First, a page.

Humble Tribute to Chief Judge Judith Kaye
One of the country’s greatest contemporary judges, Judith Kaye, Chief Judge of the New York Court of Appeals, will retire at year-end under the state’s mandatory retirement law. Having served with distinction for some 25 years (15 as Chief Judge), she has earned a deserved reputation for integrity, influence, discernment, very high quality opinion writing—as well as administrative excellence. Notably, Judge Kaye was the first woman appointed to New York’s high court and its longest serving Chief Judge.
In an editorial tribute on December 14, the Sunday New York Times instanced “groundbreaking decisions,” including interpreting the New York Constitution to require the state to provide its citizens with “sound, basic education;” finding certain provisions of a New York death penalty statute unconstitutional; and finding that gay persons enjoy rights to adopt their partners’ children.
In fields closer to my heart and mind, Judge Kaye wrote several important and influential opinions on the common law of contracts, continuing a tradition on her court, whose earlier members include luminaries such as Benjamin Cardozo, Stanley Fuld, and Charles Brietel. Judge Kaye’s opinions have made their way into Contracts casebooks, becoming staples of the course.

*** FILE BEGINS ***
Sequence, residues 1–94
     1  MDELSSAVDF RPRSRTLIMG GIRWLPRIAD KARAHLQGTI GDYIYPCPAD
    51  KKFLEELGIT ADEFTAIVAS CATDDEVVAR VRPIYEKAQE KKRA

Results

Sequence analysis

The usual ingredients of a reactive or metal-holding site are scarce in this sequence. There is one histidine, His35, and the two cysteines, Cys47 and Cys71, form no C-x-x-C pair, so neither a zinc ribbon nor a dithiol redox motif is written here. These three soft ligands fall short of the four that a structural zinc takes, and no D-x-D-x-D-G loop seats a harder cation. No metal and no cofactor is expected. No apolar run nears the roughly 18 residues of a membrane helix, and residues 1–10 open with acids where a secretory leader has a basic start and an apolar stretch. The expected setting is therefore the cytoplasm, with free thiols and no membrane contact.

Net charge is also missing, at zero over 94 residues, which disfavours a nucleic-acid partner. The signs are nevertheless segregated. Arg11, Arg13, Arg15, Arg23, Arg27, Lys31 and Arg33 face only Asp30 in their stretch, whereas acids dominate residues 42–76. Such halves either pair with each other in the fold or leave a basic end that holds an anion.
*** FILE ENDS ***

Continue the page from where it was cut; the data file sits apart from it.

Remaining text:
Judge Kaye’s opinions are likely to increasingly be reprinted in Contracts casebooks. If so, she would join the only other woman, Ellen Ash Peters, former Chief Justice of Connecticut, on lists of judges whose opinions are frequently reprinted, which include the likes of Cardozo, Roger Traynor, Richard Posner and Learned Hand).
One illustration, from Judge Kaye’s early years on the bench, is the classroom favorite, Van Wagner Advertising Corp. v. S&M Enterprises, 492 N.E.2d 756 (N.Y. 1986), where Judge Kaye announced her holding in the opening lines: “specific performance of a contract to lease ‘unique’ billboard space is properly denied when damages are adequate to compensate the tenant . . . .”
The lease ran from December 16, 1981 for three years (with an option to total seven years) covering space on an outside building wall (facing an exit from the Midtown Tunnel so that it was visible to vehicles entering Manhattan). Judge Kaye affirmed lower court interpretations of the contract that rendered the lessor in breach so the principal issue was the remedy.